SANTA FE, N.M. (AP) — Medicaid recipients will face co-pays for some treatments and have their medical services tracked as part of a program overhaul that is intended to lower the costs of providing health care, Gov. Susana Martinez’s administration announced Monday.
There will be no changes in determining who qualifies for Medicaid, which serves about a quarter of New Mexico’s population.
The [auth] state Human Services Department said President Barack Obama’s administration had given approval to the state to implement the changes, which will start next year and are intended to try to slow the rising costs of the health care program for the poor while improving service.
One of the main goals of the revamped program known as “Centennial Care” is to better coordinate the care provided to recipients to improve their health or keep medical conditions from worsening and becoming more costly to treat.
Managed-care organizations under contract with the state for Medicaid will hire “care coordinators” to track medical and behavioral health services.
“It’s going to change the way we do business and it’s just going to increase health outcomes,” Human Services Secretary Sidonie Squire said in an interview.
Reimbursement rates to health care providers will remain the same, as will eligibility.
But much like in private insurance plans, Medicaid recipients will face co-pays for some services. That will include going to an emergency room for routine medical care or using a brand name drug when a generic one is available.
By requiring people to take responsibility for some costs of their health care decisions, the state hopes to better control part of the growth of Medicaid, which is financed jointly by the state and federal governments.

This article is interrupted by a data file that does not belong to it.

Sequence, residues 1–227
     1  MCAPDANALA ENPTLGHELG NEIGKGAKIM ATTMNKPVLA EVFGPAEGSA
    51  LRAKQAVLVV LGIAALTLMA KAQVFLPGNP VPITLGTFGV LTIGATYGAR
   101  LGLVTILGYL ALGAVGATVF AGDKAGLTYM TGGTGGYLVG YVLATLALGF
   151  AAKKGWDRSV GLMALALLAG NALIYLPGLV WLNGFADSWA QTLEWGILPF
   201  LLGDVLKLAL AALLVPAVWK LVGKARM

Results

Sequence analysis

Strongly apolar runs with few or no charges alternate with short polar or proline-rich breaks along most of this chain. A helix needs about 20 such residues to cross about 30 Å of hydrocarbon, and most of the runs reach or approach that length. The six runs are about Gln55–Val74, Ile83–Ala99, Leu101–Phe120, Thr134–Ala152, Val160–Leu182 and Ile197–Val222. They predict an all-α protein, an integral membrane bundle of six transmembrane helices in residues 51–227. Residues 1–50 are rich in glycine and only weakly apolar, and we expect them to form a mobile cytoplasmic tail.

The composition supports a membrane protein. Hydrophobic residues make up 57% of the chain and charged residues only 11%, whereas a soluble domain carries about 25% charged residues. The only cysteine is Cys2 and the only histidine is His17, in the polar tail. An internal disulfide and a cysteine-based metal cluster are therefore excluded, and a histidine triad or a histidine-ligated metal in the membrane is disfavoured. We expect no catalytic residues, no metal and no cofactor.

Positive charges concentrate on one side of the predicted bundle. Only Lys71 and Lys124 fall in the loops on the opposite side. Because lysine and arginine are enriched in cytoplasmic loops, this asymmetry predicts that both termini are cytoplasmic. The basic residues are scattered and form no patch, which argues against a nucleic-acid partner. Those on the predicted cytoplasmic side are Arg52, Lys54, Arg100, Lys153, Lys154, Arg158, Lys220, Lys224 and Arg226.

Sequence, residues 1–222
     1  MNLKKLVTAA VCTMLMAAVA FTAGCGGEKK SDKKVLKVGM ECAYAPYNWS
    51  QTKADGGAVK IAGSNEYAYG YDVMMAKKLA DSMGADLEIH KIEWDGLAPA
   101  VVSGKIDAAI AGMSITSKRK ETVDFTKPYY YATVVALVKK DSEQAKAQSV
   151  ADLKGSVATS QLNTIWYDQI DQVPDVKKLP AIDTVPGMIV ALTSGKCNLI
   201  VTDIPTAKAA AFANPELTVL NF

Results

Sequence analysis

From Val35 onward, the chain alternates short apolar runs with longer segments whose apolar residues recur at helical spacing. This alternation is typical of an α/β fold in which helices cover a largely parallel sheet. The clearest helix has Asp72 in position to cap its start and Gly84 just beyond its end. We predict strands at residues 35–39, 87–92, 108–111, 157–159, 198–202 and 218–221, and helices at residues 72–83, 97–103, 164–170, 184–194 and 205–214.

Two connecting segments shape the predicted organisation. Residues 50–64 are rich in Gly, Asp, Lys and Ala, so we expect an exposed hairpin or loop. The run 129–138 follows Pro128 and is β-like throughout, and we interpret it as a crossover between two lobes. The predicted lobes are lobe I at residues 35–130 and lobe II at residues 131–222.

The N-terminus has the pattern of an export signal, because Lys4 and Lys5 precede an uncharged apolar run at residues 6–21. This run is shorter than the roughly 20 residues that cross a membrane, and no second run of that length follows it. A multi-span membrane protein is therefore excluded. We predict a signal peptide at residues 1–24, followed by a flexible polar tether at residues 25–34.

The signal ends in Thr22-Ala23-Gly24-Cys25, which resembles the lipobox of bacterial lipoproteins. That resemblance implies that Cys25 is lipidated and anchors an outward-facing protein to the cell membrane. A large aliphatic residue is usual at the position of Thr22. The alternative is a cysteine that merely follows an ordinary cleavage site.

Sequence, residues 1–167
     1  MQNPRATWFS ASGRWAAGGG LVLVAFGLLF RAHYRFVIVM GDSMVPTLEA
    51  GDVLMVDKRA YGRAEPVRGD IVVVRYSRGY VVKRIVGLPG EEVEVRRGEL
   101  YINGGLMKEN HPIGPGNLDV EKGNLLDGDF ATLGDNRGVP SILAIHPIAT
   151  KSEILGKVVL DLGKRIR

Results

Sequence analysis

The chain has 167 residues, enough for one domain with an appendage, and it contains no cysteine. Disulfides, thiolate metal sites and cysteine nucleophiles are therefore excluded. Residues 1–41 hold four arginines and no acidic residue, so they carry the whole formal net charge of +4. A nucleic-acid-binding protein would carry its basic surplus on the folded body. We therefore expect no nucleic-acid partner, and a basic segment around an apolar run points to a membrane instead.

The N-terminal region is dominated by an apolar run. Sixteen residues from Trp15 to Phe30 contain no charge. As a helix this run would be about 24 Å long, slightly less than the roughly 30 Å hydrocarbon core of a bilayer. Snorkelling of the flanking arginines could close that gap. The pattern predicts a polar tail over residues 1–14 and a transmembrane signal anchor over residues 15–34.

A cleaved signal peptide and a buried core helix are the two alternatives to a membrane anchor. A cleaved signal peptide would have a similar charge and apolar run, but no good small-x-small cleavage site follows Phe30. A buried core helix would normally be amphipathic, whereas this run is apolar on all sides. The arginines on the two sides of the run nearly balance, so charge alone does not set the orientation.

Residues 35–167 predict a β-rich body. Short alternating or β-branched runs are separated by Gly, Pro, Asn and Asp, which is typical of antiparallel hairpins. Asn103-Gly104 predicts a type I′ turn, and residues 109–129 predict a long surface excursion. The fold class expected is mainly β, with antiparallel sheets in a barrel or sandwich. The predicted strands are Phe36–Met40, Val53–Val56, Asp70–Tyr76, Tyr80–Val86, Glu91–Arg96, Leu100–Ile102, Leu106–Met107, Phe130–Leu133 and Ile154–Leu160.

The fee will be $3 for brand name drugs, but that will not apply to children and pregnant women. The fees for using an emergency room will vary according to a person’s income, but could range from $3 to $50 per visit. Native Americans will be exempt from the co-pays.
The state also will offer incentives to encourage good health practices. Recipients can earn points toward gifts if they take certain steps for better health, such as seeing a dentist at least once a year, completing a prenatal care program or having certain diabetes testing.
Medicaid is expected to cost New Mexico taxpayers nearly $1 billion this year and account for 16 percent of the state budget. The federal government provides almost $3 for every $1 spent by the state.
New Mexico will implement the changes at the same time it expands the program to cover an additional 170,000 low-income adults under terms of the federal Affordable Care Act. The program currently offers services to about 550,000 New Mexicans, mostly uninsured children in lower-income families, the disabled, elderly in nursing homes and low-income pregnant women.
Native Americans who qualify for Medicaid will have the option of receiving care through managed-care organizations or continuing with a fee-for-service system. American Indians needing nursing home care will obtain their services through managed care, however.
The state initially had proposed requiring managed care for all eligible Native Americans, but tribal leaders worried that could make it more difficult for Indians in remote areas to get access to medical providers who might not be part of a managed care network.
Squier said Native Americans who enroll in managed care will be able to use their current primary care providers through the federal Indian Health Service or other tribal health systems.
The state negotiated with the federal Centers for Medicare and Medicaid Services for about a year before winning final approval of its proposed overhaul.